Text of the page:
Teacher's Lounge

Teacher’s guide chapter 12: Constructing a World

Lectures & discussions

12.1 Creating a sense of place

Right up front, we should say that we’re not advocating filling up every panel with exhaustive detail. We’re simply interested in encouraging students to research and/or think through their settings, and to give the project of creating a sense of place high priority, whatever that may mean in an individual’s style.

That said, you of course know that most students’ interest in drawing backgrounds and creating space is minimal, to begin with. This comes out of the way most of us learn to draw: faces and figures, often in the margins of notebooks. We push backgrounds hard, because that’s what it takes to get students interested in them.

There are lots of potential activities you can do with this chapter, such as having students use each of the approaches we suggest on different panels or solo drawings, or creating research-based assignments, like non-fiction comics. For a less-demanding extra, you might have students keep an “I notice” diary for a period of time, as suggested in the “Drawing specifics” sidebar.

Note that we skip over the major issue of perspective here. We just found we didn’t have the room for it, though we plan to include it in the second volume of this textbook. However, some basic work on perspective really should be part of a young cartoonist’s education, whether that comes in the context of your class, or in another class. Consider reviewing the basic concepts of perspective to help students get over some of the problems they’ll encounter when they try to beef up their backgrounds.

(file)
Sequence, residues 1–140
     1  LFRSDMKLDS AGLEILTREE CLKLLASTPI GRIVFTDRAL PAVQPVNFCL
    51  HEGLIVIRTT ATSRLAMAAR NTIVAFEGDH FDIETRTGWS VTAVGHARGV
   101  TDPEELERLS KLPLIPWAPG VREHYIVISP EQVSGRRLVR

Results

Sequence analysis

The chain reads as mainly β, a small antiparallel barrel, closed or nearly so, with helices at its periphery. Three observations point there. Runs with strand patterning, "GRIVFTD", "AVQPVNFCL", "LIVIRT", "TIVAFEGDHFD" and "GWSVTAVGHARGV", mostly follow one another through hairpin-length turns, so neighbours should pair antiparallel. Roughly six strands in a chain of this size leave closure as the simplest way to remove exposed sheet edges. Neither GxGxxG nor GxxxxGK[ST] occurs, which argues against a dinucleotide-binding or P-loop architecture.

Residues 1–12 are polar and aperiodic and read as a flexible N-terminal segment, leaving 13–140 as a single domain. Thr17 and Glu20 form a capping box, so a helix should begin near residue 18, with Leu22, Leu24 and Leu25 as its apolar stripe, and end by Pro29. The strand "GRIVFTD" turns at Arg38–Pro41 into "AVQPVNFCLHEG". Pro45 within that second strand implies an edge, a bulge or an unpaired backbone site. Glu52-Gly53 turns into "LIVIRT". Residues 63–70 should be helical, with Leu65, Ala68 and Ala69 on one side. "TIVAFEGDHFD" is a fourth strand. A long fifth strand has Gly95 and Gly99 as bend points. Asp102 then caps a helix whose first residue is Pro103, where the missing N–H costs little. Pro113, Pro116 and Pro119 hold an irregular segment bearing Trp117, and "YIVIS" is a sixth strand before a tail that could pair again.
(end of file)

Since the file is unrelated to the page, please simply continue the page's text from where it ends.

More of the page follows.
12.2 Figuring out the figure 2: heads and hands

As we noted in Chapter 5, when we covered figurettes, we don’t pretend to do much with drawing as a specific skill in this book. However, a basic grasp of head and hand anatomy, even if rendered in cartoony variations, is pretty essential. After all, much of the communication in a good comic is non-verbal, and much of that must be carried by expressive figures. If your students have this kind of material in other classes, feel free to skip it. Otherwise, it’s a good idea to assign it, along with the activity that follows. You can spend some class time drawing and troubleshooting individual students’ work.


No time like the present

Just to make sure all this discussion of noticing and details doesn't stay in the realm of the purely hypothetical, this is a quick activity that can help drive those ideas home. Even the plainest classrooms have fire alarms, specific door designs, light fixtures. Make sure students see these details and notice how they're distinct from others variations.

The head's in your hands

This activity has a number of good drawing exercises any of which could be a stand-alone activity or a space-filler if you have an extra 20 minutes in class. Note that only the first item in the instructions requires working through the lesson in 12.2.

Drawing specifics

As we noted above, the "I notice" notebook is a good, low-impact activity to assign for this chapter. You might also ask students to draw you a catalog of three to five versions of similar objects: trees, fire hydrants, streetlights. They should go out and find various different examples of the assigned objects, and draw them with an eye to noting the details that differ.